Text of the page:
The New York Times' Scores

For 10,125 reviews, this publication has graded:
  • 49% higher than the average critic
  • 4% same as the average critic
  • 47% lower than the average critic
On average, this publication grades 3.1 points lower than other critics. (0-100 point scale)
Average Movie review score: 59
Highest review score: 100 Who Framed Roger Rabbit
Lowest review score: 0 Hush
Score distribution:
10,125 movie reviews
  1. Feeding over-the-top language to underdeveloped characters, Deon Taylor’s Supremacy dramatizes racism with an unvarying intensity that quickly becomes wearing.
  2. Muddled, pretentious assemblage of film clips of the band shot between 1966 and 1971.
  3. Mr. Farina gives Authors Anonymous a sharpness it otherwise lacks.
  4. A lackadaisical dive into backwoods barminess and masculine neuroses, this low-budget paean to indoor plumbing and rampant facial hair doesn't unfold so much as unravel.
  5. There’s probably more wit and pointed social commentary in the average four-minute OutKast song than in the entirety of Who’s Your Caddy?
  6. The real question raised by The United States of Leland is not why, but how. How, that is, did so many talented actors find their way to this dreary and derivative study in suburban dysfunction?
  7. Exists in a realm beyond sense, and induces in the viewer a trancelike state, leaving the mind free to ponder the mysteries of the universe.
  8. It's an oddity that will be avoided by millions of people, this new Pinocchio. Osama bin Laden could attend a showing in Times Square and be confident of remaining hidden.
  9. Grisly but not especially suspenseful, tongue-in-cheek without any real wit, The Voices aims to hit the intersection of horror and comedy but tumbles into an uncanny valley of tedious creepiness.
  10. I don't know how much The Score cost, but it's pretty close to worthless.
  11. Two ridiculous blood-soaked hours.
  12. The sloppy, absent-minded Premonition is a giant step backward for Ms. Bullock.
  13. Mr. Piccirillo's direction reflects a basic knowledge of stagecraft but no discernable sense of filmmaking. The dull television-style close-ups march relentlessly across the screen, leaving only the ghostly trails of badly transferred video images behind.
  14. Seems a little too desperate to be liked.
  15. Might be described as a muddy, cliché-ridden sudsfest that lurches uncertainly between comedy and soap opera without finding its emotional or visual footing.
    • 53 Metascore
    • 30 Critic Score
    The performers have little to do besides spill and drink blood in this tedious, inconsequential B picture. The sun doesn’t rise nearly fast enough.
  16. Marlon Wayans’s satire “A Haunted House” got to “Paranormal” first, and for a much smaller budget delivered bigger laughs.
  17. Its indictment of capitalism is so shrill and one-note that it may just as easily set off fits of giggling, because its characters are so ridiculously evil.
  18. At least Mr. De Niro, who disappears from the movie until the end, seems to be enjoying himself. The force of his bonhomie gives this murky-looking, empty conceit of a film a desperately needed lift of facetious humor.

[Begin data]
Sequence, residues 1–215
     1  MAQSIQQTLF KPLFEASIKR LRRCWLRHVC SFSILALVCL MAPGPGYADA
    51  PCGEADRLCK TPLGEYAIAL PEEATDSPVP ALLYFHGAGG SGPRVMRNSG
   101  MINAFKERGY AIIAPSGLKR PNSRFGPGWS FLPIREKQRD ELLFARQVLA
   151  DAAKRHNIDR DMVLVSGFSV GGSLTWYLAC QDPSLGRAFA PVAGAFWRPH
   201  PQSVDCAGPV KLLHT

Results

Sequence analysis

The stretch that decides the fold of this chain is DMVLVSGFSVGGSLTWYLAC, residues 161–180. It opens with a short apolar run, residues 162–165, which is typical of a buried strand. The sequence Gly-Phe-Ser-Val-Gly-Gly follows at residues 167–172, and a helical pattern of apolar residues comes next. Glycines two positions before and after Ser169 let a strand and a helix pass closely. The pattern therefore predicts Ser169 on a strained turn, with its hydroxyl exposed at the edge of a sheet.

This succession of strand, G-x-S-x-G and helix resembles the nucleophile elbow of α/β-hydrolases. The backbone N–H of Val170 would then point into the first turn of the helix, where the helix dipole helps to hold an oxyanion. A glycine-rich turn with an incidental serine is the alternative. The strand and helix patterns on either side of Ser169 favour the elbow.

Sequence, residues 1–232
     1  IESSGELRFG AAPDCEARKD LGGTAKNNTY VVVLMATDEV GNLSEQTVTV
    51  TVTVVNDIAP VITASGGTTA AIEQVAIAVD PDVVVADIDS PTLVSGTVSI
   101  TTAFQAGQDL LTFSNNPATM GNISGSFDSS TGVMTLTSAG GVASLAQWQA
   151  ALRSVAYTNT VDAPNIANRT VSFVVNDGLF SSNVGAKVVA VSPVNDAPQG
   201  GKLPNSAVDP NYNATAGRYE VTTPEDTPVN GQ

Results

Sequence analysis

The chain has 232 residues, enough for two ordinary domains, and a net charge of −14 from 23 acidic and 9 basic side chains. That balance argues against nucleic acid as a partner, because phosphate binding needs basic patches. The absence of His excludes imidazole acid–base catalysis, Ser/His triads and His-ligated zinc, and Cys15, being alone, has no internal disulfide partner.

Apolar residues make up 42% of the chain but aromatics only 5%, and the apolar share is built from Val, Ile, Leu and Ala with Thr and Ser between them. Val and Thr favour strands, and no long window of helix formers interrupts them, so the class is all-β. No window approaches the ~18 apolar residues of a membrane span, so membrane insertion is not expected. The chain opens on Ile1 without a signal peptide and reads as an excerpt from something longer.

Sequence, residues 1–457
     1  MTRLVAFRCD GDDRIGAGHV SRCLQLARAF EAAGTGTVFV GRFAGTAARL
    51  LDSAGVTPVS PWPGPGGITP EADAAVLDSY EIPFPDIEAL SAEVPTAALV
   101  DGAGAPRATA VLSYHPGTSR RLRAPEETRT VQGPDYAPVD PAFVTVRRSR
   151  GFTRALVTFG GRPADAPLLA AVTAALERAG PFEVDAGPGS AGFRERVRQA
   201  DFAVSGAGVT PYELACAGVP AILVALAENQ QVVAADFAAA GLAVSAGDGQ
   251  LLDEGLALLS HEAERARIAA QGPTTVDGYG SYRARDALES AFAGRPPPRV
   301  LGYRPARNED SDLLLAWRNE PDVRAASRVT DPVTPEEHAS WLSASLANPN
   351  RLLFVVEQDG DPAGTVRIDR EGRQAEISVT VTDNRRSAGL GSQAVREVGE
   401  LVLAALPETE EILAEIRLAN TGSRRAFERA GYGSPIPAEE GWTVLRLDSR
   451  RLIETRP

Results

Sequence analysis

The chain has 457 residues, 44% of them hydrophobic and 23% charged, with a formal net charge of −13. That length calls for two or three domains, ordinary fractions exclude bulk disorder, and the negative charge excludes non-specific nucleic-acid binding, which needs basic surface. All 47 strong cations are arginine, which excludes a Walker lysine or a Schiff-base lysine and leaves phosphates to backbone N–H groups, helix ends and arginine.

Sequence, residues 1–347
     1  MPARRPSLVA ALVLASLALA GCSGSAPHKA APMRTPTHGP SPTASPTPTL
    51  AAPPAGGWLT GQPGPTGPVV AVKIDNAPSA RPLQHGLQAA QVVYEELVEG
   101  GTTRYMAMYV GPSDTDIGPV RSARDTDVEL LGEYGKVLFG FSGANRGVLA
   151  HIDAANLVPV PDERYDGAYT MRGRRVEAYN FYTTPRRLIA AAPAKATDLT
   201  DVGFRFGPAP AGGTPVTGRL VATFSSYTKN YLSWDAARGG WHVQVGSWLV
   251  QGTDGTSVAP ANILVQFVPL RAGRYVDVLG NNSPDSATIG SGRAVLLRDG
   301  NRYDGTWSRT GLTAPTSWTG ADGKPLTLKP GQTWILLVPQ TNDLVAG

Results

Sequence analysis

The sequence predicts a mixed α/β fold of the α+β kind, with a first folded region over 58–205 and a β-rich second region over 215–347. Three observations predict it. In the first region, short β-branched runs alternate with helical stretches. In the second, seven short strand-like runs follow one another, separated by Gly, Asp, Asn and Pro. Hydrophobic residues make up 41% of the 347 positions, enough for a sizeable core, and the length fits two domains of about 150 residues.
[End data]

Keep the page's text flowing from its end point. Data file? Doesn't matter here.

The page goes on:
19. This messy blend of silly slapstick and oversentimentality probably won't please children, teenagers or adults.
  20. The hand-me-down showiness and sluggish storytelling by the director, Paco Cabezas, underline the monotony in this ordinary revenge thriller.
  21. The film is nothing if not liberal with its bloodletting, which integrates cleverly at times with the 3-D: lopped fingers, for example, fly toward the audience. But personalities and plot are thumbnail sketches at best.
  22. Credibility, of course, wouldn't matter if the gags were good enough, which they are not. The film quickly falls back on the gross-out jokes that have made recent American comedies such a challenge to the digestive tract.
  23. Not even a dewy heroine and a youth-friendly vibe can disguise the essential ugliness at its core: like the bloodied placards brandished by demonstrators outside women's health clinics, the film communicates in the language of guilt and fear.
  24. Sergio's urban melodrama Under Hellgate Bridge suggests the contemporary equivalent of any number of 1930's B movies.
  25. Screaming "vanity project" from every hackneyed frame, Drawing With Chalk is yet another example of midlife American males doing all they can to avoid acting their age.
  26. The campy new screen adaptation of The Three Musketeers has all the reality and visceral excitement of a $75 million literary theme park dotted with fancy villages heavily patrolled by security.
  27. Some obvious comparables for Skyline are "Independence Day" and Steven Spielberg's "War of the Worlds," but there is nothing here that even approaches the comic-book verve of the first or the churning dread of the second.
  28. It's meant as a tiny bit of praise to say that the movie, which was made in southern California, looks as if it had been shot in Spain or Yugoslavia. It looks both big and cheap.
  29. The real problem here, though, is that noting the it's-all-about-me nature of modern life already feels like a point that no longer needs making. Yeah, we're self-absorbed and shallow; so what else is new?

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